- 33 Samuel Harrison Team Wiggins 0:59:11.87
- 37 Lloyd Chapman Pedal Heaven 0:59:36.73
- 20 Ashley Cox CC Luton 0:59:45.70
- 36 Andrew Tennant Team Wiggins 0:59:59.87
- 34 Rhys Howells Richardsons-Trek RT 1:00:04.48
Julien Vermote wins Stage Seven in Brighton
The drama continued in the Friends Life Tour of Britain as the Friends Life Yellow Jersey changed hands yet again, as the end of a thrilling stage to Brighton, won by Julien Vermote.
A trio of testing SKODA King of the Mountains climbs in the final 60-kilometres took their toll on the peloton, and Friends Life Yellow Jersey Alex Dowsett in particular, with the Movistar Team rider losing 2 minutes 34 seconds and falling to tenth place overall.
Garmin Sharp’s Dylan Van Baarle held on from the break to take third, behind Ignatas Konovalovas, but more importantly to become the sixth Friends Life Yellow Jersey of the week, taking a 19-second lead over Michal Kwiatowski into the final stage.
At the head of the stage it was Vermote, with the Omega Pharma Quick-Step rider attacking from the break on Ditchling Beacon and soloing to victory on Brighton’s Madeira Drive.
With the race behind splitting to pieces, it was an attack from Vermote’s teammate Kwiatkowski, also on Ditchling Beacon, that detached Dowsett and sent a 22-rider group away, including the likes of Bradley Wiggins, Nicolas Roche and Edoardo Zardini.
Dowsett, assisted by Giovanni Visconti, chased, but in vain and with no further help, as the Bear Road climb and fast descent to the finish prevented them from regaining contact.
Vermote was able to win alone, with Konovalovas and Van Baarle following him home, before Kwiatkowski led in the group for fourth, rejigging the Friends Life General Classification dramatically.
Dylan van Baarle, Friends Life Yellow Jersey
Speaking afterwards on his dramatic rise into the Friends Life Yellow Jersey, Van Baarle said, “I possibly went under the radar a bit I was still I think 14th in GC but they don’t know my name for now, and hopefully they will remember me.
“I’m really tired. It was a pretty hard day, we went almost from start to finish full gas and when I crossed the line i was completely dead.
“I started to think we might do it when we had ten minutes in the break. Then some DS said there were only two Movistar guys riding and then we held the pace really high. Then Julien [Vermote] said he wasn’t going to ride anymore because OPQS are chasing. At that moment me and Konovalovas went full gas to the finish line.
“Before the start of this race I knew that I wanted to show my name a little bit, show myself maybe get a top ten or top fifteen but I didn’t expect to be wearing the yellow jersey. Now I’m thinking about the podium or maybe winning.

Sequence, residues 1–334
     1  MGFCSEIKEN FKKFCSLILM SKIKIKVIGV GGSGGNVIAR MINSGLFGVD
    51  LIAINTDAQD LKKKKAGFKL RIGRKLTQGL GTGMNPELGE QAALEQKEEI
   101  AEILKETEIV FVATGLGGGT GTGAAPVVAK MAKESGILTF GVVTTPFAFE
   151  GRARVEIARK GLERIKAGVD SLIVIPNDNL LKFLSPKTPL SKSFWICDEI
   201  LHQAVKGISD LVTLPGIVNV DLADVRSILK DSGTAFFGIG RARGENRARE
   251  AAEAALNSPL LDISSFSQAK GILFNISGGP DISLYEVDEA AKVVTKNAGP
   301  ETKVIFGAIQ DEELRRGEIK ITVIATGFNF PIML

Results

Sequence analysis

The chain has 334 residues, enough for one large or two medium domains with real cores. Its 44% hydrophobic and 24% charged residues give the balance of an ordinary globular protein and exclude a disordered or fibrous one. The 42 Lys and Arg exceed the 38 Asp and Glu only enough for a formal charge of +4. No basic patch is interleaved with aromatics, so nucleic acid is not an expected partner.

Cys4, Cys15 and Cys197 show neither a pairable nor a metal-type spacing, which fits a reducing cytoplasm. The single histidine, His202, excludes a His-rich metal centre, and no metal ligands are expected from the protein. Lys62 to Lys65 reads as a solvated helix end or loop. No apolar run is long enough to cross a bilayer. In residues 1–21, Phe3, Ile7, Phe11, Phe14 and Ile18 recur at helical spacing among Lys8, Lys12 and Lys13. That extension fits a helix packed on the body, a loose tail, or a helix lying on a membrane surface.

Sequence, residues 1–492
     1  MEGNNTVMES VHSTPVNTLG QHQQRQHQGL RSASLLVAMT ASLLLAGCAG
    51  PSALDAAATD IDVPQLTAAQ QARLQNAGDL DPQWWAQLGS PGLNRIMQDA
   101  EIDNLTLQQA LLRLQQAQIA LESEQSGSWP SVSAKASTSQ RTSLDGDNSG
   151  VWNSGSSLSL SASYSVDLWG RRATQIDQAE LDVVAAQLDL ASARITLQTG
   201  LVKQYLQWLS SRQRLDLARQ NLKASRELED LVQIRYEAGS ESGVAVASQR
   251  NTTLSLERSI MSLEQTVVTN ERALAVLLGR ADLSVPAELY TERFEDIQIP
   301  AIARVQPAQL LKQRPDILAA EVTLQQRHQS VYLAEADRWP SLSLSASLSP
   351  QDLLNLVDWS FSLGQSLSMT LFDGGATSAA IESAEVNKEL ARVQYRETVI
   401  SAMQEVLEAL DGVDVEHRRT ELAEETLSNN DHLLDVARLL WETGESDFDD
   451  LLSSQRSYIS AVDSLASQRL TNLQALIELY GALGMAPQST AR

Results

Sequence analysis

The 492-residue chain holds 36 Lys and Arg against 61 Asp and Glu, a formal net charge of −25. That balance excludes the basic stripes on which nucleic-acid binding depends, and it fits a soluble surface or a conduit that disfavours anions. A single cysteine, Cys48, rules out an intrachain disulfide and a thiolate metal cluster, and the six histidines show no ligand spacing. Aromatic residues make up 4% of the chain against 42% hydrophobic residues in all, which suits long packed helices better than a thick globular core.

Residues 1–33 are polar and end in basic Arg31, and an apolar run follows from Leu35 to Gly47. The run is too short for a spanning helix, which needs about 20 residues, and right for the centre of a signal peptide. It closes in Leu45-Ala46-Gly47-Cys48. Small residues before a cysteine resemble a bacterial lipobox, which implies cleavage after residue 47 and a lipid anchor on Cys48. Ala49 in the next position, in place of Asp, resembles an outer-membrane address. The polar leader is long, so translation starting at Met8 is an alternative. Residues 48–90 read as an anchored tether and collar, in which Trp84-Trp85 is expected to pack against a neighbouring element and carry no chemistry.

“I like the short prologue distances for time-trial. I’m not a Wiggins that needs 50km or whatever. I’m more a prologue specialist. I will do my best and we will see what happens tomorrow. I don’t know how the legs will feel tomorrow for the other guys and it will be hard tomorrow.”
Van Baarle’s nearest challenger is Kwiatkowski, with the Polish time trial champion 19 seconds in arrears
“As you see, it’s hard racing here at Tour of Britain! The peloton couldn’t control this breakaway. Luckily we had a strong Julien Vermote there. He really deserves this win. He pulled so much for us, for me every single day and today he took a beautiful victory. Congratulations to him. We’re really happy about it.
“Of course, I wanted to also take back the yellow jersey but Van Baarle was still in front. It’s hard to control everything in a race. We accelerated on the second-to-last climb and dropped Dowsett, but it was hard to close the gap on the group between Vermote and us. But OK, I’m only 19″ down. There is the time trial tomorrow which I said earlier in this race that it would be important, even if it’s short. Anything can happen. I have done well on short time trials like the one of tomorrow. So we will see. But today we are going to celebrate the big victory of Julien.”
Having received the congratulations of his Omega Pharma Quick-Step teammates, including Mark Cavendish, immediately after the line, 25-year-old Vermote admitted he hadn’t been expect the result.
Julien Vermote winning the stage
“I’m pretty surprised I had the energy for a breakaway win to be honest. Only one day this week I didn’t ride at the front of the peloton because five days out of the six I was pulling for either Kwiatkowski or Cav. I had given my all every time but every day I seem to have recovered well and I have felt very strong.
“Today we didn’t mention me getting in the break at the team meeting but at the beginning of the stage Kwia rode up to me and said maybe it would be a good idea for me to get in the break if I was able. He thought that perhaps I would then be in a position to help him in the final stages if the peloton caught the break.
“I got in the break and I immediately felt good and when out lead went to ten minutes I remembered from the previous day how hard it is to chase down a break like that. We rode very well as a group but at 140-kilometres I stopped contributing because still my main thought was Kwia for GC back in the peloton. Anyway when we rode through the second last climb it was clear we would stay away so I started to ride full gas again and then I really wanted to win. I know my place in the team with all the great riders we have, I love to help them, but also I like to ride to get one victory for the team as well